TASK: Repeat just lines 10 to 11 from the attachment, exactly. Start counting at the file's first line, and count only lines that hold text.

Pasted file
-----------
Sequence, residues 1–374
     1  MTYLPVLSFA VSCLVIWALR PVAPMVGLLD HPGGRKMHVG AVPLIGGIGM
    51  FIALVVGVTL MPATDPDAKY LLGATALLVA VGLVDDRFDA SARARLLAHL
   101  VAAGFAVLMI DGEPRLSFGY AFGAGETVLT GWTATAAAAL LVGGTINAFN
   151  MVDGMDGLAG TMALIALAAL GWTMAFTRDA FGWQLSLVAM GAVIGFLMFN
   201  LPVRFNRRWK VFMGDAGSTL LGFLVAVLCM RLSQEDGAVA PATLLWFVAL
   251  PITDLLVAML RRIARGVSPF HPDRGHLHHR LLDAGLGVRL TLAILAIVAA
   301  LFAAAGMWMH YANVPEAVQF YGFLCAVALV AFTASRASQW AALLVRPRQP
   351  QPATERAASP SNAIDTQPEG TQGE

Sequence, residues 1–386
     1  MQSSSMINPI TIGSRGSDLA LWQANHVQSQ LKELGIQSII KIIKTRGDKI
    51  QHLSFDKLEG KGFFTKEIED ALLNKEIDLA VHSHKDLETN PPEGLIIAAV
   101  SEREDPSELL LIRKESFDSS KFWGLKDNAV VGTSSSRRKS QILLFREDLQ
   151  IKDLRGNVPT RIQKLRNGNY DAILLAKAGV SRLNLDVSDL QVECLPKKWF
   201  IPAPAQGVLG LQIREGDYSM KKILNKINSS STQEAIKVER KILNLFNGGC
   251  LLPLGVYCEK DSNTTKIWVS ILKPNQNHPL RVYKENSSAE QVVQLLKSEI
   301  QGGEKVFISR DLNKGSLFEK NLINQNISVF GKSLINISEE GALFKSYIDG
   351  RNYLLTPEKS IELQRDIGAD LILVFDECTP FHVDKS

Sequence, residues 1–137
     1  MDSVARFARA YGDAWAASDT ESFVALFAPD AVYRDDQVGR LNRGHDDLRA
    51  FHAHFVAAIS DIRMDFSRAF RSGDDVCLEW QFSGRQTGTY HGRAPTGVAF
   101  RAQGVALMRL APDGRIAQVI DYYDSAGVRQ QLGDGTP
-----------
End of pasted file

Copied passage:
Sequence, residues 1–386
     1  MQSSSMINPI TIGSRGSDLA LWQANHVQSQ LKELGIQSII KIIKTRGDKI